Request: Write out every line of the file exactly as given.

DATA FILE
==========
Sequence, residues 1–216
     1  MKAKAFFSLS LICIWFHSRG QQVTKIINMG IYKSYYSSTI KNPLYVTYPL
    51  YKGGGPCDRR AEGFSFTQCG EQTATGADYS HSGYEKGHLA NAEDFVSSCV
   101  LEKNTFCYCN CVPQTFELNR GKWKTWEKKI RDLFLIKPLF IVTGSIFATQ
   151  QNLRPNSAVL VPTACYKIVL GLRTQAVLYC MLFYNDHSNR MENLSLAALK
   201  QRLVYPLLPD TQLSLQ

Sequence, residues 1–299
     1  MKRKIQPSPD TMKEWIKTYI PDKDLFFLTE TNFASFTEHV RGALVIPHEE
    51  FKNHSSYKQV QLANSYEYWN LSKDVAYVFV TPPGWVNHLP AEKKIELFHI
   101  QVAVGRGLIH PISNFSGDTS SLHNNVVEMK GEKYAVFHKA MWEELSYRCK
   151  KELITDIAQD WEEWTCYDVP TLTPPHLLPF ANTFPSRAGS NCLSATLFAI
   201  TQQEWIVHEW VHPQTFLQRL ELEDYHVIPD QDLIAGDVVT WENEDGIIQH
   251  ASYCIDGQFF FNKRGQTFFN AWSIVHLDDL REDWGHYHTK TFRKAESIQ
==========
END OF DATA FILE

Sequence, residues 1–216
     1  MKAKAFFSLS LICIWFHSRG QQVTKIINMG IYKSYYSSTI KNPLYVTYPL
    51  YKGGGPCDRR AEGFSFTQCG EQTATGADYS HSGYEKGHLA NAEDFVSSCV
   101  LEKNTFCYCN CVPQTFELNR GKWKTWEKKI RDLFLIKPLF IVTGSIFATQ
   151  QNLRPNSAVL VPTACYKIVL GLRTQAVLYC MLFYNDHSNR MENLSLAALK
   201  QRLVYPLLPD TQLSLQ

Sequence, residues 1–299
     1  MKRKIQPSPD TMKEWIKTYI PDKDLFFLTE TNFASFTEHV RGALVIPHEE
    51  FKNHSSYKQV QLANSYEYWN LSKDVAYVFV TPPGWVNHLP AEKKIELFHI
   101  QVAVGRGLIH PISNFSGDTS SLHNNVVEMK GEKYAVFHKA MWEELSYRCK
   151  KELITDIAQD WEEWTCYDVP TLTPPHLLPF ANTFPSRAGS NCLSATLFAI
   201  TQQEWIVHEW VHPQTFLQRL ELEDYHVIPD QDLIAGDVVT WENEDGIIQH
   251  ASYCIDGQFF FNKRGQTFFN AWSIVHLDDL REDWGHYHTK TFRKAESIQ